My best answer.... possibly.
For most sales-oriented pieces, such as a flyer, one would use the content to promote discovery.
There are subtle things within a design that can be done to try and entice the reader into "wanting more". These methods work for practically anything designed to "pull" readers. Sometimes they may require the design to be less-than-ideal in order to serve the purpose of discovery. Often this can be called "ugly sales" in some circles... because design aesthetics give way to discovery.
- Never end a paragraph or sentence and the bottom of a page. Always stop text mid-sentence/paragraph forcing the reader to look elsewhere to finish the thought. This can be a huge driving factor in discovery. If you stop mid-thought readers will naturally look for completion and thus flip the page. Orphans should be avoided, but Widows are fine if necessary. This goes against many standard text formatting mindsets, but remember, this is for sales.
- Ensure the content has callouts to look elsewhere. Things like "see other side for time and date" or "turn over to learn how to sign up" those sort of things. You don't necessarily need an arrow or some indicator to flip the page, but the text should have that indicator within the content.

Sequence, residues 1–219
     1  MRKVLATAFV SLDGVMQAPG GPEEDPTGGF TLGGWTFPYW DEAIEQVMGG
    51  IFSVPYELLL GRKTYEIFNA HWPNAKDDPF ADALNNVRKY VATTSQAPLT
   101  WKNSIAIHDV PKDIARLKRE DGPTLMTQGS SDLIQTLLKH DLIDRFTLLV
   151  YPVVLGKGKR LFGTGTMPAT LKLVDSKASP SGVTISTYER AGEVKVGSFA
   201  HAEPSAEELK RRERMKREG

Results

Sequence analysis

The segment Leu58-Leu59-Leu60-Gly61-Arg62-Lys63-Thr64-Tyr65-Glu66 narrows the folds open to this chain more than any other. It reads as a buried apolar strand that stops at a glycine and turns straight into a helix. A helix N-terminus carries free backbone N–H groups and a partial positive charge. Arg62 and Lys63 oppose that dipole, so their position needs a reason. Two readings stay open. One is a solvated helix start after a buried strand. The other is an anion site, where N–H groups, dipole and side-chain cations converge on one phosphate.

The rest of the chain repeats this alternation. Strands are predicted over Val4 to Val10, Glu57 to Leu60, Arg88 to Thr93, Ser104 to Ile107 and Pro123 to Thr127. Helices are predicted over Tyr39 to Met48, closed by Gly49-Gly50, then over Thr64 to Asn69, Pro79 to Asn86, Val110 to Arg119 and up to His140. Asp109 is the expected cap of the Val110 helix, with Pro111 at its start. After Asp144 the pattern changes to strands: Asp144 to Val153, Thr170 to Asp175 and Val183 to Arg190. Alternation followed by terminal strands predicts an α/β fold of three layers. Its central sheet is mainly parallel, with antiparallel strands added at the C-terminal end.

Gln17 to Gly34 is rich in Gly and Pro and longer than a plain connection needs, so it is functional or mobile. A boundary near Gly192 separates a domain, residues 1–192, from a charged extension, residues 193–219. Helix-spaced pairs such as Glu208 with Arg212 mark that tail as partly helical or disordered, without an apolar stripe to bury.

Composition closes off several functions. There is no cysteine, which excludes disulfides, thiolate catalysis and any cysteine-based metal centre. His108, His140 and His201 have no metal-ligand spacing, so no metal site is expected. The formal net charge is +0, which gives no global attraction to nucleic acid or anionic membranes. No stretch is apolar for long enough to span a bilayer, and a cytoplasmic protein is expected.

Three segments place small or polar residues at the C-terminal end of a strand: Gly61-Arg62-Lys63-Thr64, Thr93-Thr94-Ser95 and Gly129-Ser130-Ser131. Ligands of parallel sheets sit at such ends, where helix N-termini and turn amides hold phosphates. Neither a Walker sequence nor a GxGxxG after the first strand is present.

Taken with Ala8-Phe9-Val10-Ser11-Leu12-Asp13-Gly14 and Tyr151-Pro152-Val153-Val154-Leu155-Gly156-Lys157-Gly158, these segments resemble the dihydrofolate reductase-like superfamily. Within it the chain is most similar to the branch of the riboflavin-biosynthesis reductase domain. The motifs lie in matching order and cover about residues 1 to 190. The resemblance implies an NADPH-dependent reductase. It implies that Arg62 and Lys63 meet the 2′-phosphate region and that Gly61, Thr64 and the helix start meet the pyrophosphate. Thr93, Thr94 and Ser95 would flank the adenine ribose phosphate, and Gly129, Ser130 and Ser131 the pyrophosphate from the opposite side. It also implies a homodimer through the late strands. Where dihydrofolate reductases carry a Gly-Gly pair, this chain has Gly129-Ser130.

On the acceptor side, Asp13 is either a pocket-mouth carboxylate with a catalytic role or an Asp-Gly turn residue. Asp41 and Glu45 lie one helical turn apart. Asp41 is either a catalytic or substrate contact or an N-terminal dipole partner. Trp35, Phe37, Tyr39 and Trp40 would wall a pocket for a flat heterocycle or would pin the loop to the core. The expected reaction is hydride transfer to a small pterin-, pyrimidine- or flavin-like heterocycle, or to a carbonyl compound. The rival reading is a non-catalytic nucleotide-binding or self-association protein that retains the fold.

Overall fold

With these in mind, some content is shorter and limited. Depending upon the target demographic, restrictions, and content an arrow or "flip" indicator is not necessarily a bad thing. An "over" indicator will never detract from the response rate and will only ever increase the response. So there's never any real harm in using one. So, it it works sure, use one. All it will do is increase discovery.
Whether or not an "over" indicator is viable for a particular design may be another matter. Higher-end more "luxury" design tends to suffer aesthetically with such items. And that dip in aesthetics can be percieved by the audience and change the brand perception you want. But sales-related, common-consumer, designs tend to do a bit better with "over" indicators, even if they are entirely superfluous. The indicator will often force anyone even remotely interested to immediately check both sides looking for any pertinent information (cost, contact, time, etc.).
Tl;Dr : It depends upon content and target audience. There's no "right" answer as to whether you do or do not need an "over" indicator on items such as flyers, postcards, one-sheets, etc. Only market-testing for your specific product and demographic could answer this definitively for you.